After finishing my review of "The Anti-Capitalistic Mentality," my next reading target is "Bureaucracy." In this book, Ludwig von Mises investigated his subject where he studied the growth of bureaucratic agencies not only in the US, but also the experiences of France, Germany, and Russia. For Mises, the conflict between socialism and capitalism can be seen from different angles, and the most expedient among them is the investigation of bureaucratic expansion. Remember that when Mises wrote this book, the world was at war; it was in 1944. He described that time that socialism was advancing, and only America was still free. He even claimed that the outcome of the decision of the American people will determine the future of humanity.
The burning issue during Mises' time was the choice between "freedom, private initiative, and individual responsibility" (p. iii) on the one hand, and a coercive and interventionist state on the other hand. Or to put it another way, the choice is between "authoritarian totalitarianism" or "individualism and democracy" (ibid.). He asked, "Should a citizen be deprive of his most precious privilege to choose means and ends and to shape his own life?" (ibid.).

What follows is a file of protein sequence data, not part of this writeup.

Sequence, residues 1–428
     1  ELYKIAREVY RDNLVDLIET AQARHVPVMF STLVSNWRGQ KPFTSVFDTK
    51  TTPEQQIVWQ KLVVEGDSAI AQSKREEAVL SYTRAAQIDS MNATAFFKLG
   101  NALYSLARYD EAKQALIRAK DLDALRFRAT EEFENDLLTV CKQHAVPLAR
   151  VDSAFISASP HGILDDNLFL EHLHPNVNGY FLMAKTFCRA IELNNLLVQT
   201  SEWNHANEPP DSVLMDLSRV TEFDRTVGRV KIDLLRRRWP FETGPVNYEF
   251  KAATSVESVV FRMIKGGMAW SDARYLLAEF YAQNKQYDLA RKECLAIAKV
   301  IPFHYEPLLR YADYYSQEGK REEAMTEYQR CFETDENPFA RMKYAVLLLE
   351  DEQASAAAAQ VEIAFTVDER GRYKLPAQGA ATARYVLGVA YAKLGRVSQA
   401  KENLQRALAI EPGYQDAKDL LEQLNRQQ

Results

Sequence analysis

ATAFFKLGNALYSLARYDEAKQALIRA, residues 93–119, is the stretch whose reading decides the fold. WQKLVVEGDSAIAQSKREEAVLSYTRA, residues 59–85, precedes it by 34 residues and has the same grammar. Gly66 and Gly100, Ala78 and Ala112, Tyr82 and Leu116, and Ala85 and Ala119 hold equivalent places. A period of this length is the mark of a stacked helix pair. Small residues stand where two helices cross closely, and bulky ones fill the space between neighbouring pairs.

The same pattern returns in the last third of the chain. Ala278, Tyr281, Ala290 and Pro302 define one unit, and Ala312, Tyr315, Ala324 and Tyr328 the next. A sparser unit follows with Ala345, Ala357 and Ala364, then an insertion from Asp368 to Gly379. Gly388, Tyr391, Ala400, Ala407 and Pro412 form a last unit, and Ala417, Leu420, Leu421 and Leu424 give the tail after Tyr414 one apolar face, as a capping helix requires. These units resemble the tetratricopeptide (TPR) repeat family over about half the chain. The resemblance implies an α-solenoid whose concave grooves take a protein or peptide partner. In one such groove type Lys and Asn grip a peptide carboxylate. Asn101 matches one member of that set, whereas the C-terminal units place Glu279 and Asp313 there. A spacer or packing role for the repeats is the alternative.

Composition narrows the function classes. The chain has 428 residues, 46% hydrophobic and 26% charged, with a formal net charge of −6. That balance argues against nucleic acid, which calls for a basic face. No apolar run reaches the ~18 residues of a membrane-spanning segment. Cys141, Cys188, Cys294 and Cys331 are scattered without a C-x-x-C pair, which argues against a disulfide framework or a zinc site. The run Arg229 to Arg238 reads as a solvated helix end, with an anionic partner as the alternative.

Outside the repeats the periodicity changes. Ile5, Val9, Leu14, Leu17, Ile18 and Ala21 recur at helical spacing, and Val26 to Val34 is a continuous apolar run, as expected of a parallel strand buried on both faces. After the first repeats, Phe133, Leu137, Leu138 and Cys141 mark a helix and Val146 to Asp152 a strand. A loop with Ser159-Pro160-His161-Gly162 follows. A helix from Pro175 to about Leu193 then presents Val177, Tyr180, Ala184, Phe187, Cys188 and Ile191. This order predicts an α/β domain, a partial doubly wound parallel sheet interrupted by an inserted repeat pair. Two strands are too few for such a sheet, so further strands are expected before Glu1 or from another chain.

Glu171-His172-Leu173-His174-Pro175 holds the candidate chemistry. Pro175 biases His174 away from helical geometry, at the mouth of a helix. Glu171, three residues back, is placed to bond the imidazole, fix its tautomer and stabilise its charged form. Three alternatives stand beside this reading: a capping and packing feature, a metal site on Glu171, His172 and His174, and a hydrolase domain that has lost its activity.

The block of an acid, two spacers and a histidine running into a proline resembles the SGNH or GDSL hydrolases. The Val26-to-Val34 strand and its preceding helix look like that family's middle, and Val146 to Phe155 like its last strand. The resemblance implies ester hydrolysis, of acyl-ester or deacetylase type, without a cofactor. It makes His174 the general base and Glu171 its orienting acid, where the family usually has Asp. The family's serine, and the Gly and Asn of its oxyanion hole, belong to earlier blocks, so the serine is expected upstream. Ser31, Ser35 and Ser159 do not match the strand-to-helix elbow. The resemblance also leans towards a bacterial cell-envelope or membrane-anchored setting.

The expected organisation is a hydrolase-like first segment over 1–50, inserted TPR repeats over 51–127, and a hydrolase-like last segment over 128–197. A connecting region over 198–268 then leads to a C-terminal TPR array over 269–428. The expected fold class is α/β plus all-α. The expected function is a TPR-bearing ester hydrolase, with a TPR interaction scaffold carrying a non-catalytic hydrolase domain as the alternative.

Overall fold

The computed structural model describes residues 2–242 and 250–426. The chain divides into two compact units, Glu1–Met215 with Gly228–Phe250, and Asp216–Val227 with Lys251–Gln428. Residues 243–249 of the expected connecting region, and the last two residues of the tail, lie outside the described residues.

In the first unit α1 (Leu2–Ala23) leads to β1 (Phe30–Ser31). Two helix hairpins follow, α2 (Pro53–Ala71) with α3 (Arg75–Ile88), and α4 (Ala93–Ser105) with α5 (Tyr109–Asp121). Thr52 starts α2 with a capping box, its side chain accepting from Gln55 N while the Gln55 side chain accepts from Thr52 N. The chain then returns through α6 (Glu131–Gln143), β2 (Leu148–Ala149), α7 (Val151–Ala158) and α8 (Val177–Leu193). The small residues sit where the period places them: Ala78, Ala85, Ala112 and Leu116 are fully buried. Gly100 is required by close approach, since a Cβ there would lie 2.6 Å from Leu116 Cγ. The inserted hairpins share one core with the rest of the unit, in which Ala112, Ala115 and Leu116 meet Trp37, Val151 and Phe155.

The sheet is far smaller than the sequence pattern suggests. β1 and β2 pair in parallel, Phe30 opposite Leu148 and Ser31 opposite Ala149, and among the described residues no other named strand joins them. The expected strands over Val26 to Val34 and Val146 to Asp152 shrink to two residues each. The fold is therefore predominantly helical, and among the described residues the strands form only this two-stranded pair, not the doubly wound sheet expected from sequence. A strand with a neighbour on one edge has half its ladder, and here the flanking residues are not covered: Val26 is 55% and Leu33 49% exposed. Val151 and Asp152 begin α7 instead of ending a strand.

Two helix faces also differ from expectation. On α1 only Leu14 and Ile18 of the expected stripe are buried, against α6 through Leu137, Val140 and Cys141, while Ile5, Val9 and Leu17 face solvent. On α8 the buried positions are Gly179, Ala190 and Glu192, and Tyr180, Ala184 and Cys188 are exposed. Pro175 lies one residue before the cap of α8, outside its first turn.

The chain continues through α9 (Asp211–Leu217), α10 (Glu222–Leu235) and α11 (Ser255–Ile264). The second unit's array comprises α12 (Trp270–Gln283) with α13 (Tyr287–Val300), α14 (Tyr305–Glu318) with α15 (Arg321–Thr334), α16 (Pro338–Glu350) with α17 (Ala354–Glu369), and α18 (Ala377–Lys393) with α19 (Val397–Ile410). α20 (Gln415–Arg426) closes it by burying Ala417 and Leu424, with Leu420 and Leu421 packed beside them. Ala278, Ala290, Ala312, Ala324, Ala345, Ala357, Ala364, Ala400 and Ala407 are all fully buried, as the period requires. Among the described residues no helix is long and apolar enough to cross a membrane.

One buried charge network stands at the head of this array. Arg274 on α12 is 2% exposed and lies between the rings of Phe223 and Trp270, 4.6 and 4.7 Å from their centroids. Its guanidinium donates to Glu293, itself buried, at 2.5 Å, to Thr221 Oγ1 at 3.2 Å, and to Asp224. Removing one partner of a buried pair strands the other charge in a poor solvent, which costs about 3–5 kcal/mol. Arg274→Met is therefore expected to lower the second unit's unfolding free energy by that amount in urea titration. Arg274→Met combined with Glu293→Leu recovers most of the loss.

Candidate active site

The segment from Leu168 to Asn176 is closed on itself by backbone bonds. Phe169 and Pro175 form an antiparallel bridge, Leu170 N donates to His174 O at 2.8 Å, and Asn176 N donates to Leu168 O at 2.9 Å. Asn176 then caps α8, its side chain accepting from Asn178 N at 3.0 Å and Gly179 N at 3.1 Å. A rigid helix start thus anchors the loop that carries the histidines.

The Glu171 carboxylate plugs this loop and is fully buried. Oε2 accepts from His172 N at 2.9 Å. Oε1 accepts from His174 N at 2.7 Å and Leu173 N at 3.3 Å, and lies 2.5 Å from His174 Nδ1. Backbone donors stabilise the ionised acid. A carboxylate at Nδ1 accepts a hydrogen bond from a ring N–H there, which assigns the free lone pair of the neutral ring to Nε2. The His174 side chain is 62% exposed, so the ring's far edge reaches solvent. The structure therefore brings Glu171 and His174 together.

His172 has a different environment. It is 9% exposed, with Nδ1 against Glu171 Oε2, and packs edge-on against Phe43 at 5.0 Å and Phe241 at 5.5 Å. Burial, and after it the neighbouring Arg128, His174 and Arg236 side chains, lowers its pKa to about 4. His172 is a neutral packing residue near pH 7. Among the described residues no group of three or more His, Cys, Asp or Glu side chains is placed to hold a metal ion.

After reading the Preface of the book, a series of questions emerges in my mind. When Mises said that "America alone is still free to choose" (ibid.), did he mean that the entire Europe that time was already under socialism? How about today? In what way socialism is advancing at present? If it is really true that socialism can advance through bureaucratic agencies, how come many people are not worried in our time in the expansion of these agencies? Is this not an indication that the statement uttered by an eminent British statesman, Sir William Harcourt more than a century ago that 'We are all socialists now" has been fulfilled in our time? How about the situation of the US today? Was Mises' description that the US "compared with the rest of the world, only superficially afflicted" still true even at present?
I want to keep these questions in mind as I journey through the book.